PH still using AstraZeneca despite halt in Europe
The Department of Health (DOH) and the Food and Drug Administration (FDA) on Friday said it would continue administering AstraZeneca’s COVID-19 vaccine, despite the suspension of inoculations in several countries in Europe due to reports of blood clots and a number of fatalities.
“At present, the DOH and the FDA emphasize that there is no indication for the Philippines to stop rollout of AstraZeneca vaccines,” the two agencies said in a joint statement.
Nevertheless, they are “closely coordinating on this matter,” together with the National Task Force Against COVID-19.
“The public is assured they will closely monitor all deployed vaccines,” the DOH and the FDA said.
The Philippines has so far received 525,600 doses of AstraZeneca’s COVID-19 vaccine through the COVAX global vaccine pool coled by the World Health Organization. About 4.5 million more AstraZeneca doses are expected to be delivered in May, also coming from COVAX.
Blood clots, deaths
Several countries in Europe have postponed or limited the rollout of their quota of the vaccine, following reports of the formation of blood clots in some people who had been inoculated and even some reported deaths.
Austria earlier stopped using a batch of AstraZeneca shots while investigating a death from coagulation disorders and an illness from a pulmonary embolism.
Denmark suspended the shots after a 60-year-old woman who was given an AstraZeneca jab from the same batch used in Austria formed a blood clot and died, Danish health authorities said.
Italian authorities have ordered the withdrawal of a batch of the vaccine following the reported deaths of two men in Sicily who were recently inoculated.
Estonia, Latvia, Lithuania, Luxembourg and Romania have followed after Norway and Iceland in suspending inoculations with the AstraZeneca vaccine while investigations continue.
Still, the European medicine regulator EMA said the vaccine’s benefits outweighed its risks and could continue to be administered.
Thailand on Friday joined these European nations in suspending the vaccine, a decision that led to the embarrassing spectacle of Prime Minister Prayut Chan-ocha abruptly canceling his own televised jab.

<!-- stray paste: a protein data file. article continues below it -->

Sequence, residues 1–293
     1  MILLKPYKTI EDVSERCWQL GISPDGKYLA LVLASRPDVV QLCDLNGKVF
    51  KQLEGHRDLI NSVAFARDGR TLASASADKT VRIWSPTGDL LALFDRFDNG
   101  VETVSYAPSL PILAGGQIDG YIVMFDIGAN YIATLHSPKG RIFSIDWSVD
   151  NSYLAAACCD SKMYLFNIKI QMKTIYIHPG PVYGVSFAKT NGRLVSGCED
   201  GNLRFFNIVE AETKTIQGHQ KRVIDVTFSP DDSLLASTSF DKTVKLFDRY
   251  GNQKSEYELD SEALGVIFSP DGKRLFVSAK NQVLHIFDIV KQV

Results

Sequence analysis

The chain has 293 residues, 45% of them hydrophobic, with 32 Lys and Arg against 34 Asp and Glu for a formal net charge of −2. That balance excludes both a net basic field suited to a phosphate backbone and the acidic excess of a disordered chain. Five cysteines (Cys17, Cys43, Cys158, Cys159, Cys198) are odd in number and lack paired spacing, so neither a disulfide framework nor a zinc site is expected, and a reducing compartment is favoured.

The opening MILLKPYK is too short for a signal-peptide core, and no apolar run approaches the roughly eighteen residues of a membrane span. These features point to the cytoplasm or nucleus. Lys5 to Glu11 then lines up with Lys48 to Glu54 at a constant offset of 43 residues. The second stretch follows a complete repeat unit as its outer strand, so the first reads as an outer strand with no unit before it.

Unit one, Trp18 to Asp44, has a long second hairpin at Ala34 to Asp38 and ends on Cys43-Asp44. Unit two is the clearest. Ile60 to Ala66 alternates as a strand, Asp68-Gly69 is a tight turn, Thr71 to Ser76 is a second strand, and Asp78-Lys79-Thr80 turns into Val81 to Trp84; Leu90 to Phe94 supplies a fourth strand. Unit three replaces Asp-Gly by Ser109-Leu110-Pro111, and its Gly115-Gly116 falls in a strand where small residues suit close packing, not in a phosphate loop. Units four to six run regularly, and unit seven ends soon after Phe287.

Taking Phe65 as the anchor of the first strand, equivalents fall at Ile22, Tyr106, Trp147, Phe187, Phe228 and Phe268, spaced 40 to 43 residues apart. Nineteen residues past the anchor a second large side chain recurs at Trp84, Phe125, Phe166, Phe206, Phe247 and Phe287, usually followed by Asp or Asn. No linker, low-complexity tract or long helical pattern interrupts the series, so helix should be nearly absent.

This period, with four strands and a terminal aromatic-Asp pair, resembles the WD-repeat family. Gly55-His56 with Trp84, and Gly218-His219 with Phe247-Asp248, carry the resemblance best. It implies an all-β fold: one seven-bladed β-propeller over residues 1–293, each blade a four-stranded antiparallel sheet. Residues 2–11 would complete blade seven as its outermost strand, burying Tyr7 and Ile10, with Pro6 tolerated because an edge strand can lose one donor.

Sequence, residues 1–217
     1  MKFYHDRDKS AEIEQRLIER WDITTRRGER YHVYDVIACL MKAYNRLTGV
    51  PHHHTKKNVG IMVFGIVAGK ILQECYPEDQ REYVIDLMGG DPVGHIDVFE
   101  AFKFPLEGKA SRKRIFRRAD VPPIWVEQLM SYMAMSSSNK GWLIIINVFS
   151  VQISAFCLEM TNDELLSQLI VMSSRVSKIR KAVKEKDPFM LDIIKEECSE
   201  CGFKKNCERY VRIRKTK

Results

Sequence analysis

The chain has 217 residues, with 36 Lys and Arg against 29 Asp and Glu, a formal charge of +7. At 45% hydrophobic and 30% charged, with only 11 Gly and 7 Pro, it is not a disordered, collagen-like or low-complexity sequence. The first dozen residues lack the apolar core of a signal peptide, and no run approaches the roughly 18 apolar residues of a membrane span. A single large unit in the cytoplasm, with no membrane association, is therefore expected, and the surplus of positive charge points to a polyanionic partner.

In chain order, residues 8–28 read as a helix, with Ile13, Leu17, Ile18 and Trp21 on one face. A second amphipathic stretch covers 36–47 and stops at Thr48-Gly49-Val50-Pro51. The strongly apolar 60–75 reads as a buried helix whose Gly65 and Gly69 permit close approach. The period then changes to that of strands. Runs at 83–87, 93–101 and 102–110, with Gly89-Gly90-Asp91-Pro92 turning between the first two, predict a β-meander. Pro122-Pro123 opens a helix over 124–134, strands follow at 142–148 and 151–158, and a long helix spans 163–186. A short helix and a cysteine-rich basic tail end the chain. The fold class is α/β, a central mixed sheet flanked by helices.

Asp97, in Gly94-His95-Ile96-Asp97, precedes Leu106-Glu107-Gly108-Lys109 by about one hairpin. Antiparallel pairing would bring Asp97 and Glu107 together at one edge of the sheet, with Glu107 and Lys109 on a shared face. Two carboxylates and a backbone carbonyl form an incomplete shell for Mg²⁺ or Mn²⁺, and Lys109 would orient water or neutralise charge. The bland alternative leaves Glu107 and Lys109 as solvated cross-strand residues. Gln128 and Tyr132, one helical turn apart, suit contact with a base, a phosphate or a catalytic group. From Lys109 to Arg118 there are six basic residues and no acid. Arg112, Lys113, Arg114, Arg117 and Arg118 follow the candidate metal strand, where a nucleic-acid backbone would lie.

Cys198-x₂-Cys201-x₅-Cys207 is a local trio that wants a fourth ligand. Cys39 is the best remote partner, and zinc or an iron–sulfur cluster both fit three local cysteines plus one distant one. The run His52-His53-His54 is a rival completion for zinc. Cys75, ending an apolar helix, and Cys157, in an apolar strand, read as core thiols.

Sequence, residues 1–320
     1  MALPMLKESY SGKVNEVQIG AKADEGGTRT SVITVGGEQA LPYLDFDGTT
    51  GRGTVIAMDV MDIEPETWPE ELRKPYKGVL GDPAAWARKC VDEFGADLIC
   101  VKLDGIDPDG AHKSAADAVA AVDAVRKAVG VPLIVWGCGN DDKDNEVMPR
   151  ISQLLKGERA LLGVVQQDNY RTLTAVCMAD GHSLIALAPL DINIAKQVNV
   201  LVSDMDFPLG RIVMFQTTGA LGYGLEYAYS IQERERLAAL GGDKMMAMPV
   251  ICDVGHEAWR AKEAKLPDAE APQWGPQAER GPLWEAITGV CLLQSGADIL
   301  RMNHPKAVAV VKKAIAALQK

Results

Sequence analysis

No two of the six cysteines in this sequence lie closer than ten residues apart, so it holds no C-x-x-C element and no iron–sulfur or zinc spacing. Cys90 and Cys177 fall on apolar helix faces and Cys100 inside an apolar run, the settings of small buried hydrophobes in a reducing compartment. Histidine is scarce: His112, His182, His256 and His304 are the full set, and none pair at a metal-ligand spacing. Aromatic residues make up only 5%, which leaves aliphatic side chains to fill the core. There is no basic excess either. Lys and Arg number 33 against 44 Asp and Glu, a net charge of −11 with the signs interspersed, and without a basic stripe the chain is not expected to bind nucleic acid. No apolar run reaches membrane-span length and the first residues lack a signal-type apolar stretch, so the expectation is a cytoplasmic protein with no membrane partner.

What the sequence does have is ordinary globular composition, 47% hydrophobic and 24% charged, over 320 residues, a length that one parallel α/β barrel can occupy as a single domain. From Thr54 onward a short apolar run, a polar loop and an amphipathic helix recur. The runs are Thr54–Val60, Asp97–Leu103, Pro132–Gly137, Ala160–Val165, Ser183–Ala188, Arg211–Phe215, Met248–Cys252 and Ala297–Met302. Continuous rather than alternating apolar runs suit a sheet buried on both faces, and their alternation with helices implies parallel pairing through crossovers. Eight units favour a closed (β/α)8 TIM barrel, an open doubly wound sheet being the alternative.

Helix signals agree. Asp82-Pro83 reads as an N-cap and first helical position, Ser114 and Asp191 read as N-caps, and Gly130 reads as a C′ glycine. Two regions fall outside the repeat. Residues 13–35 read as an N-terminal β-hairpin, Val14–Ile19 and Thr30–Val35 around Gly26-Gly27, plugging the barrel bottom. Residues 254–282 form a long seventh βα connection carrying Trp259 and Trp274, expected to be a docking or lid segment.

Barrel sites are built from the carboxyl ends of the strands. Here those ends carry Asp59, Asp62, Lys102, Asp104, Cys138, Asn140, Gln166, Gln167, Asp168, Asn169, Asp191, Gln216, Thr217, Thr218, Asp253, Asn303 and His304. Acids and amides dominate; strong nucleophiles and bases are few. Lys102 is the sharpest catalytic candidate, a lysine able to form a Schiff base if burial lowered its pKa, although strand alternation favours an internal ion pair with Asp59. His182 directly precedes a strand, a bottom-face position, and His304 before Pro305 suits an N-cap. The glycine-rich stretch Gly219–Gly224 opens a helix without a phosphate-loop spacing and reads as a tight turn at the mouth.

The DOH on Friday said it had recorded, as of Tuesday, 21 serious “adverse events” or side effects following immunization.
At a media briefing, Health Undersecretary Maria Rosario Vergeire said the side effects included difficulty in breathing and chest pains.
Of the 21 serious adverse events, 20 received the CoronaVac vaccine and one person received the AstraZeneca vaccine. They were observed and given first aid when necessary, Vergeire said.
She also said the National Adverse Events Following Immunization Committee was studying the causality of the side effects, adding that the committee hypothesized that some of the adverse events were caused by anxiety or fear, either of getting vaccinated, or of needles.
Meanwhile, 957 others have experienced nonserious side effects including muscle pain, pain at the injection site, fever, high blood pressure and rashes, Vergeire said.
Of the 957 who experienced these side effects, 872 were inoculated with the CoronaVac vaccine and 85 received the AstraZeneca vaccine.
As of Wednesday, a total of 114,615 individuals have been vaccinated against COVID-19
Side effects following vaccinations are normal and should not be feared, Vergeire said.
“When our children go to the pediatrician to get their shots, the doctor advises parents to watch out for possible fever or irritability shortly after. Our COVID-19 vaccines are the same. These are usual and should not cause fear,” she said in Filipino.
Meanwhile on Friday, the DOH said it recorded 4,578 new cases of COVID-19 in the country, which pushed the total caseload up to 611,618.
Friday’s new cases are the highest in a single day since Sept. 14, 2020, when there were 4,699 new cases recorded.
In its daily case bulletin, the DOH said there are currently 52,012 active cases, the highest since Oct. 17, 2020, when there were 52,423 active cases.
Of the active cases, the majority or 92.2 percent are mild, 4.1 percent are asymptomatic, 1.5 percent are critical, 1.5 percent are severe and 0.71 percent are moderate.
According to the DOH, another 272 patients have recovered, bringing recoveries up to 546,912. However, another 87 have also perished, bringing the death toll to 12,694.
The OCTA Research Group has warned in a new report that in Metro Manila alone, new cases per day could reach up to 4,000 by the end of March.
On Friday, OCTA warned further there could be as many as 6,500 new cases a day by the end of March, if there is no change in the current trend.
The report also identified 12 cities in the capital region which were among the top areas with a “significant” upward trend in the number of new COVID-19 cases—Quezon City, Manila, Pasay, Makati, Parañaque, Taguig, Malabon, Pasig, Valenzuela, Caloocan, Marikina and Navotas.
Of these cities, Quezon City has recorded the most new cases in the past week, averaging 274 confirmed infections daily.
OCTA recommended localized lockdowns to slow the surge of infections.
“Localized lockdowns have been shown to be effective in slowing down increasing trends in new cases. Continued monitoring and strict implementation by the local governments will hopefully slow down the rate of infection in [the capital region] and put an end to this surge,” OCTA said.
The group also recommended other restrictions, including but not limited to curfews, border controls, reduced capacity in certain establishments, limitations in social gatherings, and continued compliance with health protocols by residents.
On whether the two-week curfew beginning on Monday could help stop the spread of the virus, OCTA research fellow Guido David said “it should help, of course.”
“How much it will help, we will see,” he added. —WITH REPORTS FROM REUTERS AND AFP
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